When evidence is gathered, it is typically placed in a paper bag, box or DNA kit, and a unique reference number is assigned to that specimen, either printed in the form of a bar code on an adhesive label attached to the bag, or manually written on the bag using a marker. Approximately 40 percent of law-enforcement agencies currently employ bar-coded labels, while the rest utilize the manual, handwritten method. Often, a law-enforcement official creates a paper manifest with the same reference number, along with details related to that specimen. That manifest then accompanies the specimen when it is shipped to a forensics company, such as Bode, or to an in-house laboratory. The law-enforcement official at the crime scene, and afterward, the agency or lab staff members handling the evidence – typically put their initials on the paperwork to provide a trail documenting which personnel worked with those samples. Multiple pieces of evidence are often recorded on a manifest, in order to link specimens from the same crime scene, such as several articles of blood-stained clothing. This system is time-consuming, however, and in the case of handwritten reference numbers, there is always the risk that an agency employee creating the manifest could transpose the numbers or otherwise make mistakes.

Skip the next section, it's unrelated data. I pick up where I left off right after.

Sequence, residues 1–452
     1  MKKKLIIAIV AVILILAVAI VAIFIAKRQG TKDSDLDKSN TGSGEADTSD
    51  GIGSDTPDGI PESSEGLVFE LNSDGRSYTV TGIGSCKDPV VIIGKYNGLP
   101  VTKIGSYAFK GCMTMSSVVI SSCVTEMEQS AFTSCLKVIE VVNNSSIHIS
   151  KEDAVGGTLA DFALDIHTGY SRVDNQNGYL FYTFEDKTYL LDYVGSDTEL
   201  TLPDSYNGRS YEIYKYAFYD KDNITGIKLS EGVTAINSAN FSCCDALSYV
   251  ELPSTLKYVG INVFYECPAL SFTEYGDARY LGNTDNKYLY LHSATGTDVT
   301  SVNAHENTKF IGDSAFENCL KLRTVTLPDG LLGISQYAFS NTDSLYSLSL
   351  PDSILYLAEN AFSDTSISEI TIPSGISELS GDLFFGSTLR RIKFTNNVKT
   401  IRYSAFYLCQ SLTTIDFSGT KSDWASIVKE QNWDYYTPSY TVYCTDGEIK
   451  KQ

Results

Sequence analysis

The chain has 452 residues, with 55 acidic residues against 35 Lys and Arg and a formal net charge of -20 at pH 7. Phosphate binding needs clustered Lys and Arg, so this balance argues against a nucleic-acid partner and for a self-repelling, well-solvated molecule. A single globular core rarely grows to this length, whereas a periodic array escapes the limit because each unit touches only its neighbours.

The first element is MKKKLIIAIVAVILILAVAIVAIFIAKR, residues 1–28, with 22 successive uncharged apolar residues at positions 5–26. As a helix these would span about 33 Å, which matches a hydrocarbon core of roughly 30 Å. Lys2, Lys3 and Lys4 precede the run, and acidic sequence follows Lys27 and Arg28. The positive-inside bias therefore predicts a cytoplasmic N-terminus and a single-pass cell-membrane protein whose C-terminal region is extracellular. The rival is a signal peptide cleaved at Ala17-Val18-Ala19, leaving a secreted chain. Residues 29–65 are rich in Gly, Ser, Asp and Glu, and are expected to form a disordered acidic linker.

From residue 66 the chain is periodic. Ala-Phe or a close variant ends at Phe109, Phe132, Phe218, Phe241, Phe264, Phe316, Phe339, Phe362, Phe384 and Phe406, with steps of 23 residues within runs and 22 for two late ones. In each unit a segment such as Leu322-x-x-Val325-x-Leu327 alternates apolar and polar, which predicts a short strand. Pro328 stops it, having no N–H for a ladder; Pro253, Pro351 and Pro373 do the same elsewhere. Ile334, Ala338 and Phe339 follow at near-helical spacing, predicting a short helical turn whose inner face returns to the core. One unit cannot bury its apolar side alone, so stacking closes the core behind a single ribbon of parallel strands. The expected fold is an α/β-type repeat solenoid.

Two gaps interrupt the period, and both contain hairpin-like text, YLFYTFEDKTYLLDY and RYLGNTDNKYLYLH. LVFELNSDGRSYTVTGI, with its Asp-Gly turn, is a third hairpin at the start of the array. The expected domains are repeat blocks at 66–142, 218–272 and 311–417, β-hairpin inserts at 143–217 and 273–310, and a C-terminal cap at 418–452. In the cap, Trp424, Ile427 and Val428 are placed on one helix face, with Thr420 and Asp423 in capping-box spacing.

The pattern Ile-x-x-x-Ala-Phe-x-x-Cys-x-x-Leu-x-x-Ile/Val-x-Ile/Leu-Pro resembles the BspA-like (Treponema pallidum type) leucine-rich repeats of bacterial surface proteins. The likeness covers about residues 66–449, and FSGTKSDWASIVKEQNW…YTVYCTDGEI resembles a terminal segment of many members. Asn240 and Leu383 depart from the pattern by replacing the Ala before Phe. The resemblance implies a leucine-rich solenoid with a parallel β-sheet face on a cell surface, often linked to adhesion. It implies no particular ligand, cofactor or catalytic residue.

Another shortcoming with the manual system, according to Andrew Singer, Bode Technology’s senior product manager, is that workers handling the sample may fail to add their initials to the evidence or paper manifest. Consequently, it is not always clear who has been handling a particular sample. In other cases, a piece of evidence can go unnoticed – in the trunk of a car, for instance – but if an RFID system were used at the time that evidence was collected, that type of error would be documented electronically, because a record would be stored in the back-end system indicating the date and time a specimen was gathered, along with any subsequent procedures that may have occurred, including receipt into storage or movement to a lab for testing.